Senator MADIGAN: Are you able to tell us what percentage of imports were target tested by Customs and Border Protection at the border for their compliance with Australian regulatory safety standards?
Mr Pezzullo : For all border requirements, whether for criminal intelligence purposes, things like therapeutic goods, product safety and the like, we provide a service on behalf of 40-plus agencies, federal, state and territory. All goods are risk assessed. Everything coming into Australia through imports is put through the intelligence process I just described to you. It s a little difficult for me respond to your question without some explanation because of the use of the term 'target tested'. If the intelligence process suggests that we should have a deeper look at something, we will either run sensitive operations that I do not want to further describe here with law enforcement colleagues or we will inspect it through an x-ray machine or some other method. If we have reason under our act to further pursue what is called an examination level inspection, we can physically pull things apart and deconstruct them to the point—these judgements are not made lightly, of course—where the goods ultimately are potentially rendered useless. Everything is put through that intelligence process.
Senator MADIGAN: Of these goods that are tested or, for want of a better word, scrutinised by the department, what is the percentage roughly that arrive by air?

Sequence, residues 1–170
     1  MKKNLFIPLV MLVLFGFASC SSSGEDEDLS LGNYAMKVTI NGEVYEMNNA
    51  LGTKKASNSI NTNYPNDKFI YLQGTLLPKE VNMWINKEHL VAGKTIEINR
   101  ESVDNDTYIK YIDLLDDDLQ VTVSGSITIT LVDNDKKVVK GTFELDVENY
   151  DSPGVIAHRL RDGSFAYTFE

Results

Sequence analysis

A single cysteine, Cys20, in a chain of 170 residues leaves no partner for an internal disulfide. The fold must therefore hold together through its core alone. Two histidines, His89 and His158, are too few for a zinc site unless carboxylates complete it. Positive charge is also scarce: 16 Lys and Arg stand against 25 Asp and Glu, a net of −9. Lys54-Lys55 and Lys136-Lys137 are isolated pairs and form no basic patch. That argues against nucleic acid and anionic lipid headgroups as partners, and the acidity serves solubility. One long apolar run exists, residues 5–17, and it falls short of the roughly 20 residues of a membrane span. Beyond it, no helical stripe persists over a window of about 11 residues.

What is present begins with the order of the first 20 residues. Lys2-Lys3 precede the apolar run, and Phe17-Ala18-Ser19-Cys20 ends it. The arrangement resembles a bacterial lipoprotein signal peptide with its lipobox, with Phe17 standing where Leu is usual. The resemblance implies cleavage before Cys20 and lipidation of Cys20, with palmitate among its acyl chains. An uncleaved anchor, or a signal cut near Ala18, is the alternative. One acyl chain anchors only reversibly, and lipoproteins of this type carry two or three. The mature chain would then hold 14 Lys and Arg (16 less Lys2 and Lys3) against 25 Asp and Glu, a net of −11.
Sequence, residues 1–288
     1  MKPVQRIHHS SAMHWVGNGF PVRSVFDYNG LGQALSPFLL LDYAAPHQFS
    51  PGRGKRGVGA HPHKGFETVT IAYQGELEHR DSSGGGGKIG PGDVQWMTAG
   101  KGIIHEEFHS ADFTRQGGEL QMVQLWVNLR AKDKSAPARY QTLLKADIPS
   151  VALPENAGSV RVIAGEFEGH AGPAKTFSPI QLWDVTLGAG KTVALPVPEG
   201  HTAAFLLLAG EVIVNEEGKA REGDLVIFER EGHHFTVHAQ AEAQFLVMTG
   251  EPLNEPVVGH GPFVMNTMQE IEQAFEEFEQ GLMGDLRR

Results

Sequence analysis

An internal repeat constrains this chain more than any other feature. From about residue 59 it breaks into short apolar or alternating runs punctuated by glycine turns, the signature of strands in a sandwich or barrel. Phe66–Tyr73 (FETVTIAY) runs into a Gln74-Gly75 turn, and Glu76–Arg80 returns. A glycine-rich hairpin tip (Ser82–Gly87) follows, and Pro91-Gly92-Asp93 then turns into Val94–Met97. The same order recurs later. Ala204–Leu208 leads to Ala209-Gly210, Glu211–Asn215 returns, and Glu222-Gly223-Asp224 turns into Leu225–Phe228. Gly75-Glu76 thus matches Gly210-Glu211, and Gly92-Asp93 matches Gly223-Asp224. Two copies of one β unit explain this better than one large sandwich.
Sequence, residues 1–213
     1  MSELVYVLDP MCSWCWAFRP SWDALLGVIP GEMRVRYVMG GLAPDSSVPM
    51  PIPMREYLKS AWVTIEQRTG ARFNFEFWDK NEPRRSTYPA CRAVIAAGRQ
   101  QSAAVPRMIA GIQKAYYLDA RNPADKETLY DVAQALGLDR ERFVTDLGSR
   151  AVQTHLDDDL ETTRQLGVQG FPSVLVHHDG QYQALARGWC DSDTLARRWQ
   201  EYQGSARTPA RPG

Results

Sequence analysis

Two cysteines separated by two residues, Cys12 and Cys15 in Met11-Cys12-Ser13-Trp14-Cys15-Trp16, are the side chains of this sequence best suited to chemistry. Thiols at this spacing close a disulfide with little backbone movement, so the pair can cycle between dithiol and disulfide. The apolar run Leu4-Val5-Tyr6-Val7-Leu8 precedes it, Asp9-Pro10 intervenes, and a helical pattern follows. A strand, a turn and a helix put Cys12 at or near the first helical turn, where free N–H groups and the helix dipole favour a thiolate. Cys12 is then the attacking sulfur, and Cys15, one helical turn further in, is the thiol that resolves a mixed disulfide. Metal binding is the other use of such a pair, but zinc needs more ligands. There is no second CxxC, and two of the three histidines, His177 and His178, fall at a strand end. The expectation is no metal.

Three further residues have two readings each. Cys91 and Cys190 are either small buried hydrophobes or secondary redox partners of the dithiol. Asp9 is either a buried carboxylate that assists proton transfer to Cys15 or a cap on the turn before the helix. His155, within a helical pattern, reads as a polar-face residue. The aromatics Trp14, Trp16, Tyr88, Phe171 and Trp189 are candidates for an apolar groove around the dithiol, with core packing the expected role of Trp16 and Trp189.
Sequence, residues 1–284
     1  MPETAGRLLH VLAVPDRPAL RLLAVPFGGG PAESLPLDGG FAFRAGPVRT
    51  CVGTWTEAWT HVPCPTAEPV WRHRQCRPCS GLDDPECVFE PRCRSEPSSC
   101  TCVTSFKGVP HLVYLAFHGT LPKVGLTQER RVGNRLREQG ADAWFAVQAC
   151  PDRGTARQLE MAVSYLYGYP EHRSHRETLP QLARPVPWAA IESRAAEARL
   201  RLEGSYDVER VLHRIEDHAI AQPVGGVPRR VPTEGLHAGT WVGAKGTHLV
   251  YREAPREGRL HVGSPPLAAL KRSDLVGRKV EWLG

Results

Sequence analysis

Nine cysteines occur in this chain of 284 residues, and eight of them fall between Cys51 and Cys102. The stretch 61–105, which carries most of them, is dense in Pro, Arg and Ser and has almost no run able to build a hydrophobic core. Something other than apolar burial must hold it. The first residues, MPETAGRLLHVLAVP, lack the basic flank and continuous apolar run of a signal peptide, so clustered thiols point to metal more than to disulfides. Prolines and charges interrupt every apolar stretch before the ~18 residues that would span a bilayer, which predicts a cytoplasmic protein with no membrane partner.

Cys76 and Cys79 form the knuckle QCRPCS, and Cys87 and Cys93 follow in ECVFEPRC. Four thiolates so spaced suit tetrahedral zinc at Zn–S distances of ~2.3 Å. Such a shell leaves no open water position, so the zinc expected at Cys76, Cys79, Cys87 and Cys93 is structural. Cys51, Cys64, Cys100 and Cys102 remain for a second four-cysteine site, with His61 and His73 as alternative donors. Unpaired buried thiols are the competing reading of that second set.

Mr Pezzullo : Again, I am sorry to constantly be caveating my answers with explanatory statements. There are very big things that arrive in Australia, like big machines, and everything down to letters. I do not know if you want me to weigh it by volume or by type of import, and I might have to be assisted by some colleagues here in any event. You could probably measure that by value, so what is the declared dutiable value of the goods, or it might be done by weight. There are different ways to measure. Unless I get more precision in the question, it is a bit hard for me to answer it.
Senator MADIGAN: Heavy equipment does not come by air.
Mr Pezzullo : Indeed, but lots of things come by air, I can assure you.
Senator MADIGAN: Are those imports that arrive by air tested in the proportion to the percentage of total imports that they make up?
Mr Pezzullo : With goods arriving by air, which in turn break down into airfreight, air cargo conveyed by overnight express companies or bags of mail—again, it is the use of the word 'testing' that I need to step around—everything is subject to the intelligence process I described and then depending on decisions made on the basis of that intelligence, goods are then further screened, inspected and examined.